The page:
A cheeky comment in response to a photographer scouring for collaborative talent who included in his casting that ‘everyone was in London’ inspired me to write on the subject of the migration of so many of our creative talent to our capital city.
I would do quite a lot to ensure I don’t live in London again. This isn’t some angry rant because I currently live three hours from the centre of everything (if you believe it). There are reasons.
Firstly, I have lived there. I’ve resided in North, South and Central London. I suppose it depends on what you’re looking for but the centre of a capital city isn’t my idea of an idyllic life. It’s big, it’s busy, expensive and remarkably lonely if you’re not able or not willing to rub shoulders with the jet set. Which brings me on to point two…
Everyone else is already there. The problem with London is that you’re up against so much competition. And just like everywhere else you’re expected to do your fairshare of hard graft for ‘free’. The streets are not paved with gold. If you’re talented and you want your share of the pie, London may not be the place to get yourself noticed or paid.
Thirdly, if everyone else is in London that leaves more for the burbs. TF is just as popular in London as everywhere else. If a job’s too good to turn down I have a car which means I have on occasions headed down to London for the odd shoot (ironic considering the talent is already supposed to be there). Don’t get me wrong, there’s nothing I love more than a good road trip. But a day driving around the metrop is all I need to remind me I don’t need to live there.
Fourth, wherever you go minimum wage is minimum wage. Your rent might be three times as much in the city as in say The Midlands, and a pint much the same, but that doesn’t necessarily mean your wages will be higher to cover it. And like I said, TF is rife wherever you go. No matter how big or how small the company who wants to hire you, they will still try and get you for as little as possible.
I don’t live in London. But I’m up to my neck in work both paid and unpaid. The talent is just as good and you get to pick the cream of the castings because per square mile there aren’t as many high end people out of town. But that doesn’t stop me getting the best projects with professional teams.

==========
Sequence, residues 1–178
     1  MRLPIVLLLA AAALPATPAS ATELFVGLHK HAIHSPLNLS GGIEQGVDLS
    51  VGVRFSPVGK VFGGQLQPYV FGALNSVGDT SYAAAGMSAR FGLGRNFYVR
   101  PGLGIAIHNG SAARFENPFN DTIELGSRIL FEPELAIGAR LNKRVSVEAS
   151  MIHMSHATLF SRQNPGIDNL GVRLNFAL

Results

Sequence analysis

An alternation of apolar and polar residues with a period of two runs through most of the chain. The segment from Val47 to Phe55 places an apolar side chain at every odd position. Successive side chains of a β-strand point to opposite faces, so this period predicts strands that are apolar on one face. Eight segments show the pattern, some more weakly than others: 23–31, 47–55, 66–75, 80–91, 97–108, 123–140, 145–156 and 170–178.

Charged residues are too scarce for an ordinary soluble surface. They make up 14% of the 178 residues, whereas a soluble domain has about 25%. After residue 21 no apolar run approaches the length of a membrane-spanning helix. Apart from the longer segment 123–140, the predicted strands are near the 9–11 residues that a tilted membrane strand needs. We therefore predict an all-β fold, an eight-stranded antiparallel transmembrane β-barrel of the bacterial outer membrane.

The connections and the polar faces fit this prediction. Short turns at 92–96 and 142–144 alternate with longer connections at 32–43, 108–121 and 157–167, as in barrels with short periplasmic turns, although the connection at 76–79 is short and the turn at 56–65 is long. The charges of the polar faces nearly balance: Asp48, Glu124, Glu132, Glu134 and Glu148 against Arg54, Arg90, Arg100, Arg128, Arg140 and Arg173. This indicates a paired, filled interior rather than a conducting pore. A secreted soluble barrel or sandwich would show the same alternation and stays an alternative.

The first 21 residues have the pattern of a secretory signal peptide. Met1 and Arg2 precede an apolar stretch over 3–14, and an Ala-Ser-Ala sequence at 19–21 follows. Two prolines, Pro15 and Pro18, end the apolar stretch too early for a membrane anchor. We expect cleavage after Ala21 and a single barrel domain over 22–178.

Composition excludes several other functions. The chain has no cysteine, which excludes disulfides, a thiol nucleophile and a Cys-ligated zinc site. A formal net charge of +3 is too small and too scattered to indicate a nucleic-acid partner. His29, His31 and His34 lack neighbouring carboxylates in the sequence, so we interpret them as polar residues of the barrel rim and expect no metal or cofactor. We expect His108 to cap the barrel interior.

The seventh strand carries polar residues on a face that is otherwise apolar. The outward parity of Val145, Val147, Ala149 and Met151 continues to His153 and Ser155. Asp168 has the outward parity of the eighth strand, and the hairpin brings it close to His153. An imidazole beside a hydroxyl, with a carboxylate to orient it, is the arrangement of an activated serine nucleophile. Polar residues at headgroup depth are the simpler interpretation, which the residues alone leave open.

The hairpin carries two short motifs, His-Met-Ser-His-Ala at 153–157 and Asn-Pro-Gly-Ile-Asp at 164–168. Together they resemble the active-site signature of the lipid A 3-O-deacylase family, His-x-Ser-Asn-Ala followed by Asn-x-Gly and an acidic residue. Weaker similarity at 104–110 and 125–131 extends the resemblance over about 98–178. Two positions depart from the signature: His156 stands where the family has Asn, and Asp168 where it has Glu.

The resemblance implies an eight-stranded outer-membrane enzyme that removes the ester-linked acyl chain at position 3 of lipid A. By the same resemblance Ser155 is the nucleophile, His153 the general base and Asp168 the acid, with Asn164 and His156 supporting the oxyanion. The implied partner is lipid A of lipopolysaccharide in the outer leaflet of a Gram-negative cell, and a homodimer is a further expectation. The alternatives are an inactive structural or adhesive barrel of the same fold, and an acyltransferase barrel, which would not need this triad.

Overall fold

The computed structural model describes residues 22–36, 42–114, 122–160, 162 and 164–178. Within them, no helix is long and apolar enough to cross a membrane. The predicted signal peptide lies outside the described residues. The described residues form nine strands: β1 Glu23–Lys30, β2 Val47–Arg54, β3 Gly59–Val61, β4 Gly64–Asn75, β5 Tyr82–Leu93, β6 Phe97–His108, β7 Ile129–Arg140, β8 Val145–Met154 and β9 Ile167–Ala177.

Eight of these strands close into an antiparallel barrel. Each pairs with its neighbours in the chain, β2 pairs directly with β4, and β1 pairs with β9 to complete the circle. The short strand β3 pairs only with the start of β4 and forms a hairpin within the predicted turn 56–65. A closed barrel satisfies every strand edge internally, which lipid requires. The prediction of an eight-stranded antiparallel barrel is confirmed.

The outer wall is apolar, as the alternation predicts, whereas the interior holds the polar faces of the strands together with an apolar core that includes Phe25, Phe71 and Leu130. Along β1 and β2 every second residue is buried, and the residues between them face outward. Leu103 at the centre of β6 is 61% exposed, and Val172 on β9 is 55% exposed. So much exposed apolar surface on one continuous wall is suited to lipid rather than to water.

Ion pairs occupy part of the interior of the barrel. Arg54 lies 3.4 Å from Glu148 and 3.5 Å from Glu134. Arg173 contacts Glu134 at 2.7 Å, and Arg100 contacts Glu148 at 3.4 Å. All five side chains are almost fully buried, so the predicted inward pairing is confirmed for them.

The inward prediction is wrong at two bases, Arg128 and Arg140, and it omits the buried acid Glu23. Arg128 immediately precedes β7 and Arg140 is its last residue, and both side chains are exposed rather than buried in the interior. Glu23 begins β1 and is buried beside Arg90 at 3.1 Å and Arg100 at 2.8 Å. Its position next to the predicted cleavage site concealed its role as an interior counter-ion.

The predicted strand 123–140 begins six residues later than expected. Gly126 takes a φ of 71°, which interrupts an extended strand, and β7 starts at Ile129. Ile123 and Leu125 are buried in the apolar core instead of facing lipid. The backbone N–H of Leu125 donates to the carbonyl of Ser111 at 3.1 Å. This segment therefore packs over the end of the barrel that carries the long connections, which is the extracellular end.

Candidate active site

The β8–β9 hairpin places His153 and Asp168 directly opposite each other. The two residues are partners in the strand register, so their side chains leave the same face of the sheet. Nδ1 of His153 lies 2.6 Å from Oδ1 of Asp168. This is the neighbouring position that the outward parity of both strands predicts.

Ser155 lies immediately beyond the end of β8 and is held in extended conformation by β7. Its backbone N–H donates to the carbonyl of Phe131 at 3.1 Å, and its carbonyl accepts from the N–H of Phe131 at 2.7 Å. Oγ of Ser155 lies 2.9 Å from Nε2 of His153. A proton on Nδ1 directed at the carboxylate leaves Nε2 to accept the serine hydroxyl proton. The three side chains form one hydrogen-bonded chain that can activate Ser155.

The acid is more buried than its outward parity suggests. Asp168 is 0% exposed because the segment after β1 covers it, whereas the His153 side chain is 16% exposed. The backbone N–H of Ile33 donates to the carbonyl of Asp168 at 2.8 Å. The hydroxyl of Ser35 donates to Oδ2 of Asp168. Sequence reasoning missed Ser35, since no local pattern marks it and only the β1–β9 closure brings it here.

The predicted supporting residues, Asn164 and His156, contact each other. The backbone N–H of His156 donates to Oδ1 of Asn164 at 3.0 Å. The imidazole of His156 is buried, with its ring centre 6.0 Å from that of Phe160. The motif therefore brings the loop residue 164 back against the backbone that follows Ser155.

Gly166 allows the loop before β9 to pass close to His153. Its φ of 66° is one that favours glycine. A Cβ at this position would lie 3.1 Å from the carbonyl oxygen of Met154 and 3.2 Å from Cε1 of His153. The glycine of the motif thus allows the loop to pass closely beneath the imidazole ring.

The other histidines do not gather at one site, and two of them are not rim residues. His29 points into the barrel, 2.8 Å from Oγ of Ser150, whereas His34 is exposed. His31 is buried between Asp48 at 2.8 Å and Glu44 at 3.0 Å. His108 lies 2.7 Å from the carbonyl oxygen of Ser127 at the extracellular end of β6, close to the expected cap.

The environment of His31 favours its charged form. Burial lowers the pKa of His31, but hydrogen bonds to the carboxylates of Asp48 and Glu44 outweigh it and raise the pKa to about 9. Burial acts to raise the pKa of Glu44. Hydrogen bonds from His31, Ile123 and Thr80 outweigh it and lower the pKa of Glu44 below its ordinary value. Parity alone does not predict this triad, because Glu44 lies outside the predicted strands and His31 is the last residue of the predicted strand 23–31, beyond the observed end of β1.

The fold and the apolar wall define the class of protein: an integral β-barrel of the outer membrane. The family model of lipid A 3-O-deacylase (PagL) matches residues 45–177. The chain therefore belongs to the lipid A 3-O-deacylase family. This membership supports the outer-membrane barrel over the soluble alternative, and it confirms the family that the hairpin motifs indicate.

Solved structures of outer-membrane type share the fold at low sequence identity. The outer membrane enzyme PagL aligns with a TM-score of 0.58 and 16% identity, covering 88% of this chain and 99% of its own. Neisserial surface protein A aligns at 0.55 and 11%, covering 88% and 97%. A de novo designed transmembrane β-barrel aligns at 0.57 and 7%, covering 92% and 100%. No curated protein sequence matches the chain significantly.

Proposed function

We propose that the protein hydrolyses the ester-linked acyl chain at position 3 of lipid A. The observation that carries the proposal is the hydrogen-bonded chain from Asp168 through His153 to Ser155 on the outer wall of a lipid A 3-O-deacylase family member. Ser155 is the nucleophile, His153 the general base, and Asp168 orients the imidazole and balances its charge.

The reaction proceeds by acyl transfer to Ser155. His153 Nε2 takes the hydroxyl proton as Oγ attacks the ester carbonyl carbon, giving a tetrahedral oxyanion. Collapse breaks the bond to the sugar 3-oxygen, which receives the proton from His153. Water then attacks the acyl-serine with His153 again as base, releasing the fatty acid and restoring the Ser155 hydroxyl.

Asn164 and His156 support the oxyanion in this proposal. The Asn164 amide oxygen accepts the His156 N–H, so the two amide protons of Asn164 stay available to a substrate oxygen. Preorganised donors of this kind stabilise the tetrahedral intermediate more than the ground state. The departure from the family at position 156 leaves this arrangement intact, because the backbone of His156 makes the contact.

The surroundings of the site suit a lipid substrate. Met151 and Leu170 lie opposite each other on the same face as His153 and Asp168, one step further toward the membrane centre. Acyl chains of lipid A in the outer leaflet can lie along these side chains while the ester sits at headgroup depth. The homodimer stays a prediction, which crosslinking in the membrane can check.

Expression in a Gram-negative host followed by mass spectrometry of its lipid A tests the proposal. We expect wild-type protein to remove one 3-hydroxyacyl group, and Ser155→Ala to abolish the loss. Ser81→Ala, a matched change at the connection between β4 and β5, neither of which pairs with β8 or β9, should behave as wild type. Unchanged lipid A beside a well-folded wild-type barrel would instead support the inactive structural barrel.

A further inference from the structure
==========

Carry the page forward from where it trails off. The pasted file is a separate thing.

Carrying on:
Recently it has been brought to my attention that a number of London castings are now directed outside the county or (certainly in my case) that people outside London are traveling down for one off jobs (or daily in many cases). Because it seems that it is still cheaper to pay someone to come to London than it is to pay the people already there. If I charge £8 an hour and an additional £30 to travel down to the city, that’s still going to work out cheaper that £20 an hour from the competition who only has to hop on the tube. I don’t feel bad about that. I’m just trying to get by.
This is an interesting development and something I wasn’t aware of until recently. And if that’s the case, it’s going to mean a continuing trend of people commuting into London for work rather than living there for the work. Above all it means that whilst many people want to work in London they don’t want to, or can’t, live there. And so the suburbs spread further and further. And the commuter belt becomes just as expensive. And then ultimately becomes a London suburb. The BBC’s latest documentary ‘Mind The Gap – London v The Rest‘ is an interesting insight into a city that is seemingly just taking over.
I don’t doubt that at some point the opportunity may arise for me to move back down South, but it’ll have to be offering me something exceptional. Because right now, there’s nothing wrong with where I am. It’s the best of both worlds.